Morrisons’ (LSE: MRW) shares currently support a dividend yield of 6.8%, offering a level of income you’d be hard pressed to find elsewhere.
However, there’s no guarantee that this payout is here to stay and investors should be prepared for the worst.
According to Morrisons’ cash flow statements, the company’s dividend payout cost a total of £283m last year. Dividends issued during 2014 totalled 13p per share, an average yield of 5.4%.
Under Morrisons’ old management, this payout was considered to be gold-plated. Now a new management team is moving into place, they could reconsider this dividend strategy.
It is clear that the supermarket sector as a whole is under pressure and the figures show that Morrisons isn’t doing any better than its larger peers. For example, Morrisons’ earnings before interest, tax, amortisation and depreciation margin is set to fall to 5.1% this year. Peers, Tesco and Sainsbury’s are expected to report EBITDA margins of 4.8% and 5.5% respectively.
Moreover, Morrisons actually has the highest debt level of its peers. The group’s net debt to EBITDA ratio is set to hit 2.7x this year, compared to Sainsbury’s ratio of 1.8x and Tesco’s ratio of 3.2 — Tesco is currently weighing up the sale of assets worth more than £5bn which will drastically reduce debt.
That being said, Morrisons is planning to generate £2bn of cash and £1bn of cost savings over three years, which should help to pay down debt. However, by cutting the dividend payout by 50%, the group could save £140m per annum or £420m over three years — a significant sum.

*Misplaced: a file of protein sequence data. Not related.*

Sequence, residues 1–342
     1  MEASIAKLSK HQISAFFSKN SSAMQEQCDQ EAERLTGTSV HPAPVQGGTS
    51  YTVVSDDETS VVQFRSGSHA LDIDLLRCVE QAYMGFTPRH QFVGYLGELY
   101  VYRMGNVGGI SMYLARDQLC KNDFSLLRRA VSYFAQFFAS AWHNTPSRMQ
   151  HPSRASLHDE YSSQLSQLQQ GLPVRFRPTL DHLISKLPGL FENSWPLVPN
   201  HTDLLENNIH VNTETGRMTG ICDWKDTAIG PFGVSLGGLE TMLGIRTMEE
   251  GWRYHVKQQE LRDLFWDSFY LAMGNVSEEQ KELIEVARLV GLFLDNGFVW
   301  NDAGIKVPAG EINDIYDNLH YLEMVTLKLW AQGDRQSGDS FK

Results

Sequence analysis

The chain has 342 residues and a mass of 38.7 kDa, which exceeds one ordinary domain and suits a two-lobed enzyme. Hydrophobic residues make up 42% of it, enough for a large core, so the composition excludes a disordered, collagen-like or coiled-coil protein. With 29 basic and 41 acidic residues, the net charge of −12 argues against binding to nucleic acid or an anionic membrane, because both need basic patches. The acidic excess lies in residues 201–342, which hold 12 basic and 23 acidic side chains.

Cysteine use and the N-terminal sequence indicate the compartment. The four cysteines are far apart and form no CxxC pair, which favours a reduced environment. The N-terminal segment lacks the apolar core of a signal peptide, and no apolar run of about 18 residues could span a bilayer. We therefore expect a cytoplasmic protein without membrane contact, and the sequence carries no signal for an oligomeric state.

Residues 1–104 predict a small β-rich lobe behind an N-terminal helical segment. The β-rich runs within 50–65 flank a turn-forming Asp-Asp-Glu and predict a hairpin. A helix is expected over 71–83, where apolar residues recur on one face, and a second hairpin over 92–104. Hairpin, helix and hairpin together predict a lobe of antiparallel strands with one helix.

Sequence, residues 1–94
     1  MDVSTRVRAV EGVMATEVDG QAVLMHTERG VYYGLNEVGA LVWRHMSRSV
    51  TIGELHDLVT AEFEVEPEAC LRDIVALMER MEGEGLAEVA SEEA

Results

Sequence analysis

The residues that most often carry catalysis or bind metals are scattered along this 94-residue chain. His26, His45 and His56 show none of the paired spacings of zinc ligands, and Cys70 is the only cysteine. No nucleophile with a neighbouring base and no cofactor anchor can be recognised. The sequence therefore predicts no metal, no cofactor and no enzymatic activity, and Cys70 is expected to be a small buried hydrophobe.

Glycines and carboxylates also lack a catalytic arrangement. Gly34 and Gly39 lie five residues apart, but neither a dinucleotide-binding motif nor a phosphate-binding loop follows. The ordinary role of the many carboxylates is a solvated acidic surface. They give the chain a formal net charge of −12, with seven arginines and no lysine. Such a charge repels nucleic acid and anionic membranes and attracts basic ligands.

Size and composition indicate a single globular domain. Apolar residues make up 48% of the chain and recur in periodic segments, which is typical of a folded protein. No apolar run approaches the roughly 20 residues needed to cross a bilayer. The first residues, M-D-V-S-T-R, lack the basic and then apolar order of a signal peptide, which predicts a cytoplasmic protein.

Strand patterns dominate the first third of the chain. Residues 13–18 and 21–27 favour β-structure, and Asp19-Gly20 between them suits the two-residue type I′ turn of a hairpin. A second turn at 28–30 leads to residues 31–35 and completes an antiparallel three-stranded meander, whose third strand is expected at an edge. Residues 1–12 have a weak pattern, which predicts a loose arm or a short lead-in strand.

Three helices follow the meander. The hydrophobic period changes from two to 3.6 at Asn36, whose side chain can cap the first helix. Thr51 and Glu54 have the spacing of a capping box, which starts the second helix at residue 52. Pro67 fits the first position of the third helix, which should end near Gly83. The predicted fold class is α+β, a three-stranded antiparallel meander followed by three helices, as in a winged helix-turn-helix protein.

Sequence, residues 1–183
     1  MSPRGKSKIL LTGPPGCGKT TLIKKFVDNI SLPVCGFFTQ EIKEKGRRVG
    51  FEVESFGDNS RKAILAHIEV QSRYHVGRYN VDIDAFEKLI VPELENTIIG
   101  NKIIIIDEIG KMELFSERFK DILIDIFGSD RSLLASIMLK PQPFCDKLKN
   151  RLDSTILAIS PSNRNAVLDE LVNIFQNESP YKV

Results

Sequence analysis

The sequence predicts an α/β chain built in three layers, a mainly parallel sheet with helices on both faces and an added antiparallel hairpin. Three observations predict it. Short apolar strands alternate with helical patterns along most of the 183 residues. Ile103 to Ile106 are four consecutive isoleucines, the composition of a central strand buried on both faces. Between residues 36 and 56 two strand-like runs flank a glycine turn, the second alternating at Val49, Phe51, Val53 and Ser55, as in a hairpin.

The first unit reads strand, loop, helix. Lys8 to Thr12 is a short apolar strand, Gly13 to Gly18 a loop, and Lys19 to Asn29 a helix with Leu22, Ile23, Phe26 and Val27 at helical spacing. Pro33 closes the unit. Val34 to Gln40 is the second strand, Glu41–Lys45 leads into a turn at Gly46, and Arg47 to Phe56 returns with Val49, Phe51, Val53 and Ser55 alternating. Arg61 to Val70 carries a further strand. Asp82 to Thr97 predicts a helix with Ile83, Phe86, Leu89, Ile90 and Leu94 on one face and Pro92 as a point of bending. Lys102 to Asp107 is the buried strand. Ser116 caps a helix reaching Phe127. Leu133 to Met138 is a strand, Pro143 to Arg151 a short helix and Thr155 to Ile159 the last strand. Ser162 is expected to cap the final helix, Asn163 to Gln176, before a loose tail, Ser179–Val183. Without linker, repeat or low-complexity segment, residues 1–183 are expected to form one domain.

And when you consider the fact that Morrisons is planning to spend £1bn cutting prices over the next three years, additional savings of £140m per annum could be a game changer for the company.
Indeed, if management were to cut the dividend by 50%, and plough the cash saved into additional price cuts, the company could increase its price cutting budget by 42%.
Morrisons has already committed the most cash to price cuts out of the big three supermarkets. An additional £420m would blow competitors out of the market.
A 50% cut in the dividend would mean that Morrisons annual payout fell to 6.50p per share, a yield of 3.4% based on current prices — similar to the FTSE 100‘s average dividend yield of 3.2%.
The bottom line
Overall, with the supermarket sector in crisis, Morrisons’ lofty dividend yield of 6.8% seems excessive and the company would benefit from a dividend cut.
Morrisons’ previous management made a commitment to the payout but now the group is about to be taken over by a new management team, all bets are off. The new management team could decide that a dividend cut is the best course of action for the company.
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Rupert Hargreaves owns shares of Tesco. The Motley Fool UK owns shares of Tesco. We Fools don't all hold the same opinions, but we all believe that considering a diverse range of insights makes us better investors.